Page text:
9780023606922

Algorithms

by ;
  • ISBN13:

    9780023606922

  • ISBN10:

    0023606924

  • Edition: 1st
  • Format: Hardcover
  • Copyright: 2003-07-31
  • Publisher: Pearson
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Supplemental Materials

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  • The New copy of this book will include any supplemental materials advertised. Please check the title of the book to determine if it should include any access cards, study guides, lab manuals, CDs, etc.

Summary

Filling the void left by other algorithms books,Algorithms and Data Structuresprovides an approach that emphasizes design techniques. The volume includes application of algorithms, examples, end-of-section exercises, end-of-chapter exercises, hints and solutions to selected exercises, figures and notes to help the reader master the design and analysis of algorithms.This volume covers data structures, searching techniques, divided-and-conquer sorting and selection, greedy algorithms, dynamic programming, text searching, computational algebra, P and NP and parallel algorithms.For those interested in a better understanding of algorithms.

Author Biography

Marcus Schaefer is Assistant Professor of Computer Science at DePaul University. Richard Johnsonbaugh is Professor Emeritus of Computer Science at DePaul University.

Table of Contents

Preface ix
Introduction
1(16)
Algorithms
1(3)
Pseudocode for Algorithms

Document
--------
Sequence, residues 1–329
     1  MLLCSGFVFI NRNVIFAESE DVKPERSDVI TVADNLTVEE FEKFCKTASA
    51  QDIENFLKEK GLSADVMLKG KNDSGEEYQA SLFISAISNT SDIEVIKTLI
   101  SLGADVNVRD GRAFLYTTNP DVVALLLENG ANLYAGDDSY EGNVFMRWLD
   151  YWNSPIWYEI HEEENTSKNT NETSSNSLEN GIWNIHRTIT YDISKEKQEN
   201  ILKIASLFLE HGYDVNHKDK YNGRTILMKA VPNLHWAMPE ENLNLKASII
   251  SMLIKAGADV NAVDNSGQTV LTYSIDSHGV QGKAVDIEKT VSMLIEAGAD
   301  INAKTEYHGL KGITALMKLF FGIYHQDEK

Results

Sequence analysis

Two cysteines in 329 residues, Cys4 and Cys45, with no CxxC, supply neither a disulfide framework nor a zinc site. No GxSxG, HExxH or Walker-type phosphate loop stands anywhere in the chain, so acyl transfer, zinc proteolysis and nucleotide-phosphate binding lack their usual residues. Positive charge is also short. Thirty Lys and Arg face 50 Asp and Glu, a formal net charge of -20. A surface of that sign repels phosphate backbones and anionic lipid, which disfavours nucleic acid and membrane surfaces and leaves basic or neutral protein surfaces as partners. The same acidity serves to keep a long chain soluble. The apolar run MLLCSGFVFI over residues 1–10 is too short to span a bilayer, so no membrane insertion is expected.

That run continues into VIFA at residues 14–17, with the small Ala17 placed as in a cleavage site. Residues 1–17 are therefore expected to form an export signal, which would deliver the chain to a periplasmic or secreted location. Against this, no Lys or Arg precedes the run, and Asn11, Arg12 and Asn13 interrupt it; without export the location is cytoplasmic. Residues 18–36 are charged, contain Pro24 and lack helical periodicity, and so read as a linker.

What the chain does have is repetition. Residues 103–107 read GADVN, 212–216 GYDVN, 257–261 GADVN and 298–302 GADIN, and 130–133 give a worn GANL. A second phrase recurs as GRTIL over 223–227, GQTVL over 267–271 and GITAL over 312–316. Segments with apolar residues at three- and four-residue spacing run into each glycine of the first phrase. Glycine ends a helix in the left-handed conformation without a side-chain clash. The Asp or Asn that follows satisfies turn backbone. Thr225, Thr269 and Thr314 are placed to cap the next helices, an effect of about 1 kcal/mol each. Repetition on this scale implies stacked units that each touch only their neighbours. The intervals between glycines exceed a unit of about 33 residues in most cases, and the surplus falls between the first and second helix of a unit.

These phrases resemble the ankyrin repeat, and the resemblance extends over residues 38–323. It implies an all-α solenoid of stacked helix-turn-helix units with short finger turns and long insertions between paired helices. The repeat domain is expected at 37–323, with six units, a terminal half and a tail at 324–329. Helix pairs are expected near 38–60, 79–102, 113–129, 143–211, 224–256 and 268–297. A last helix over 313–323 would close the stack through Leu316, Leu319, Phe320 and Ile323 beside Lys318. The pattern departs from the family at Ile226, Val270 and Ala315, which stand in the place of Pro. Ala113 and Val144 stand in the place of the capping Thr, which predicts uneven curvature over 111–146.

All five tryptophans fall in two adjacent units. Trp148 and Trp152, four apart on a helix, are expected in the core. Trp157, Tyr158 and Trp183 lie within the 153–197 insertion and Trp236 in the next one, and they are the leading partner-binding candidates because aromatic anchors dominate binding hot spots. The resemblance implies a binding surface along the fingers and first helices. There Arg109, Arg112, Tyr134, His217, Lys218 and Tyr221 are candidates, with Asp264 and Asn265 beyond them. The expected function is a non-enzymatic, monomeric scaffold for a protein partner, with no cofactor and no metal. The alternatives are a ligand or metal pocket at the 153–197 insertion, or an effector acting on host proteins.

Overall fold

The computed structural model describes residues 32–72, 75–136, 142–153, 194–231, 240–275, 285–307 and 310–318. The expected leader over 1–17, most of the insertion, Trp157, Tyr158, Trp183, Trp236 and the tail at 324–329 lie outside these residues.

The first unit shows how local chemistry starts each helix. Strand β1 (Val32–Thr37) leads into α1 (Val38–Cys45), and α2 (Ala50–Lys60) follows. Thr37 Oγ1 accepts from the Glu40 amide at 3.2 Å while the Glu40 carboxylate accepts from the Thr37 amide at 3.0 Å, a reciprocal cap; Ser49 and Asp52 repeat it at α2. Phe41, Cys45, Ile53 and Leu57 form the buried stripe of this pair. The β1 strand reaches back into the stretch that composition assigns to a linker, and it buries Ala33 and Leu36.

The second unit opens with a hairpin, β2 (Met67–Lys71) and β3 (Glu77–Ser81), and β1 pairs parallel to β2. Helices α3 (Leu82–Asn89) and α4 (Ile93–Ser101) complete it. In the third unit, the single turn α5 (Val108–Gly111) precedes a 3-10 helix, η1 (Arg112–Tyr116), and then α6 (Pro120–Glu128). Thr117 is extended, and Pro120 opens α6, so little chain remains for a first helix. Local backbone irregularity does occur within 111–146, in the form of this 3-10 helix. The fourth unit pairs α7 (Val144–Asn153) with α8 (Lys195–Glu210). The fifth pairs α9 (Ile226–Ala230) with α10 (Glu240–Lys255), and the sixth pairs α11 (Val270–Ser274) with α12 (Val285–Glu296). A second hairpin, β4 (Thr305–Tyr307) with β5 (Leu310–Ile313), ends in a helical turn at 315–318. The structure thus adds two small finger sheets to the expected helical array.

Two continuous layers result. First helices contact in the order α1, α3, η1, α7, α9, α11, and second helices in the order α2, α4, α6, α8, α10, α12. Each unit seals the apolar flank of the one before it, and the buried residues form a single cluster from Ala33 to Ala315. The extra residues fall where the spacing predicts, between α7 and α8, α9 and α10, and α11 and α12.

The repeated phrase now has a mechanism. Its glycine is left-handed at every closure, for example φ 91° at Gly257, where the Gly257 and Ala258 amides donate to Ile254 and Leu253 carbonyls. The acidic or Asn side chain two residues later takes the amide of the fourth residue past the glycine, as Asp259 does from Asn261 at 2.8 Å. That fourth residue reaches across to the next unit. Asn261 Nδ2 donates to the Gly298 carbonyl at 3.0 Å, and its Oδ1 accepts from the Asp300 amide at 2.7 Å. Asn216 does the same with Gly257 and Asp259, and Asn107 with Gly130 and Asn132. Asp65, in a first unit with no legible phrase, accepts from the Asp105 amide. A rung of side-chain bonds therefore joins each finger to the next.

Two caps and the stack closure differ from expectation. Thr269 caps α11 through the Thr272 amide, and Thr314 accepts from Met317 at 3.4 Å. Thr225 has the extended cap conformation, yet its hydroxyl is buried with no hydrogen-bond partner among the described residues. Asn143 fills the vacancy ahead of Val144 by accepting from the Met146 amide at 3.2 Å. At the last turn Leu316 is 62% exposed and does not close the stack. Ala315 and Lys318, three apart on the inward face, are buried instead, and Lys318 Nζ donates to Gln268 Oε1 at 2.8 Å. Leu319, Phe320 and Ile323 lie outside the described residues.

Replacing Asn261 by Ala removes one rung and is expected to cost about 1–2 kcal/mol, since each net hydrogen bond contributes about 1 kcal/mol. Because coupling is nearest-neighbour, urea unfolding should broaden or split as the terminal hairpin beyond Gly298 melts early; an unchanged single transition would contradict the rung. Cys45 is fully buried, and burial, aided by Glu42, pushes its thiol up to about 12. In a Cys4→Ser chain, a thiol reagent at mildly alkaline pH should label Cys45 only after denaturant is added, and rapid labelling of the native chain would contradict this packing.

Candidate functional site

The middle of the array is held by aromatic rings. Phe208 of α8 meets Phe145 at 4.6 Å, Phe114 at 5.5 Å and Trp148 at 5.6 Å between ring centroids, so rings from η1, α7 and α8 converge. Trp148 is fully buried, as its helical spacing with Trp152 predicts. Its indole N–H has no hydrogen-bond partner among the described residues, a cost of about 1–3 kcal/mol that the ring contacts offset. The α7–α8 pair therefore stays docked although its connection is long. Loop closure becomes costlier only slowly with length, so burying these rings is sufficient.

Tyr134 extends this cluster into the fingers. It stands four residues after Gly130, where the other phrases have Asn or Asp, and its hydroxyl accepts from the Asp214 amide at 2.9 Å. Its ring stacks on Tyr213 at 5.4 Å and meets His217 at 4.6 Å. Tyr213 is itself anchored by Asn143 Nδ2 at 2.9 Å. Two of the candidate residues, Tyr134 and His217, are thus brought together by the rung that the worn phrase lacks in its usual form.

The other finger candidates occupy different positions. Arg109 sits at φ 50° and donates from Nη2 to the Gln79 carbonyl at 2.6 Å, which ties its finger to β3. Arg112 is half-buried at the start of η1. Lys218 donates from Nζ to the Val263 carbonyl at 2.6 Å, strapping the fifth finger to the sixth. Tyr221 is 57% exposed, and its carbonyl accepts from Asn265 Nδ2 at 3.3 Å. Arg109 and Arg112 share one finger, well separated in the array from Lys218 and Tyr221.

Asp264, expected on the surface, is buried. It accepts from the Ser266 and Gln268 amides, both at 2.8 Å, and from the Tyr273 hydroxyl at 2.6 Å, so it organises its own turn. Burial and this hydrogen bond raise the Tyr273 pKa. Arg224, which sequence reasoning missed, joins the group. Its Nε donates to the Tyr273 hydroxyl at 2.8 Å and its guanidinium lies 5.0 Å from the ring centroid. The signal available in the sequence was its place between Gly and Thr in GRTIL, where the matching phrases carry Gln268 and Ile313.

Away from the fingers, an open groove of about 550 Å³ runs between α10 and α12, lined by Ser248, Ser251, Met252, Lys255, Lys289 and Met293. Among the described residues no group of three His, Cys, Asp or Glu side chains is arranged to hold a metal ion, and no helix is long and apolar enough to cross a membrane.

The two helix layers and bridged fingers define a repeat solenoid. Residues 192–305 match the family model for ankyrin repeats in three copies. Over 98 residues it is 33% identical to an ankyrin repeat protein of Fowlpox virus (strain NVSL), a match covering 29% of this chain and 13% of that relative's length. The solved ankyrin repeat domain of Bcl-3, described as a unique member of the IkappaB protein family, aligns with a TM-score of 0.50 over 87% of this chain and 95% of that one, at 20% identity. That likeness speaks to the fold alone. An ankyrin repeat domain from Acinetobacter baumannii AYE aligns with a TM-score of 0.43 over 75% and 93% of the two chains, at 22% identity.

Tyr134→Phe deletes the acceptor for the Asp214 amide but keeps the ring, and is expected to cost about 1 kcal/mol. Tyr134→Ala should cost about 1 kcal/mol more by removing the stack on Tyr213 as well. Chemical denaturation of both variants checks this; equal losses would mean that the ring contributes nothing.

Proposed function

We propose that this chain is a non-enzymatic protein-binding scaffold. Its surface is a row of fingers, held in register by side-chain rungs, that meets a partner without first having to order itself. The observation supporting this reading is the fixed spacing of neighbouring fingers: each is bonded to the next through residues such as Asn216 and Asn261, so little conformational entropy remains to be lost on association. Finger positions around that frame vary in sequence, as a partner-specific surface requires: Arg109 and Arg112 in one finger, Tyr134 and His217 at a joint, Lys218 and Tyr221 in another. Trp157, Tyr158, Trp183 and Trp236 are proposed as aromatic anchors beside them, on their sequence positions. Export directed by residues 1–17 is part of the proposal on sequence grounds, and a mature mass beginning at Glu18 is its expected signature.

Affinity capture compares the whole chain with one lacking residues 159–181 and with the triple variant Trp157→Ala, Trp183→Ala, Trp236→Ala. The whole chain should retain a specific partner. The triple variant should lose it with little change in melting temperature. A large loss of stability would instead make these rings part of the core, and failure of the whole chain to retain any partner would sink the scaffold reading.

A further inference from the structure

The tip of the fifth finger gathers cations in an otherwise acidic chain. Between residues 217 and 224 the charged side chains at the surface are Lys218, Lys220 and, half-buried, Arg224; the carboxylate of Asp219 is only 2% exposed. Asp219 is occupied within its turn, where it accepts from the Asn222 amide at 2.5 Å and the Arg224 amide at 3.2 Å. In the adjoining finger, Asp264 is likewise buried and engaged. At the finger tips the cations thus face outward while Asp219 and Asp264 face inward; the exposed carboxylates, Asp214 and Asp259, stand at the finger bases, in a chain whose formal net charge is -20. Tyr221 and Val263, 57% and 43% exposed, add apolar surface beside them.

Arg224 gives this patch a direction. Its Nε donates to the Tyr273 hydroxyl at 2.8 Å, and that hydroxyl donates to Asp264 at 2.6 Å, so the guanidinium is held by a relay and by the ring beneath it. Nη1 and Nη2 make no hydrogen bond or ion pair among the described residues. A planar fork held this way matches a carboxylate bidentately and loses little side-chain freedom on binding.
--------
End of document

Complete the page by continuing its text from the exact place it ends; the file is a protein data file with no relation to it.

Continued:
4(6)
The Present
10(2)
The Future
12(5)
Notes
14(1)
Chapter Exercises
14(3)
Mathematics for Algorithms
17(82)
Definitions, Notation, and Basic Results
17(15)
Mathematical Induction
32(9)
Analysis of Algorithms
41(14)
Recurrence Relations
55(13)
Graphs
68(18)
Trees
86(13)
Notes
94(1)
Chapter Exercises
94(5)
Data Structures
99(66)
Abstract Data Types
99(2)
Stacks and Queues
101(10)
Linked Lists
111(9)
Binary Trees
120(13)
Priority Queues, Binary Heaps, and Heapsort
133(17)
Disjoint Sets
150(15)
Notes
162(1)
Chapter Exercises
162(3)
Searching
165(48)
Binary Search
165(7)
Depth-First Search
172(9)
Breadth-First Search
181(7)
Topological Sort
188(7)
Backtracking
195(18)
Notes
209(1)
Chapter Exercises
209(4)
Divide and Conquer
213(26)
A Tiling Problem
213(6)
Mergesort
219(6)
Finding a Closest Pair of Points
225(7)
Strassen's Matrix Product Algorithm
232(7)
Notes
236(1)
Chapter Exercises
236(3)
Sorting and Selection
239(32)
Insertion Sort
239(4)
Quicksort
243(11)
A Lower Bound for the Sorting Problem
254(3)
Counting Sort and Radix Sort
257(5)
Selection
262(9)
Notes
268(1)
Chapter Exercises
268(3)
Greedy Algorithms
271(52)
Coin Changing
271(4)
Kruskal's Algorithm
275(9)
Prim's Algorithm
284(11)
Dijkstra's Algorithm
295(7)
Huffman Codes
302(11)
The Continuous-Knapsack Problem
313(10)
Notes
319(1)
Chapter Exercises
319(4)
Dynamic Programming
323(44)
Computing Fibonacci Numbers
323(5)
Coin Changing Revisited
328(8)
Multiplying Matrices
336(6)
The Longest-Common-Subsequence Problem
342(8)
The Algorithms of Floyd and Warshall
350(17)
Notes
361(1)
Chapter Exercises
361(6)
Text Searching
367(62)
Simple Text Search
368(3)
The Rabin-Karp Algorithm
371(8)
The Knuth-Morris-Pratt Algorithm
379(13)
The Boyer-Moore-Horspool Algorithm
392(6)
Approximate Pattern Matching
398(10)
Regular Expression Matching
408(21)
Notes
422(1)
Chapter Exercises
423(6)
P and NP
429(64)
Polynomial Time
429(8)
Nondeterministic Algorithms and NP
437(15)
Reducibility and NP-Completeness
452(14)
NP-Complete Problems
466(8)
More on NP-Completeness
474(19)
Notes
481(1)
Chapter Exercises
482(11)
Coping with NP-Completeness
493(66)
Brute Force
495(9)
Randomness
504(7)
Approximation
511(15)
Parameterization
526(15)
Heuristics
541(18)
Notes
551(1)
Chapter Exercises
552(7)
Parallel and Distributed Algorithms
559(86)
Introduction
559(4)
The Parallel Random Access Machine (PRAM)
563(24)
Sorting Networks
587(17)
Parallel Architectures
604(22)
Distributed Algorithms
626(19)
Notes
639(1)
Chapter Exercises
640(5)
References 645(6)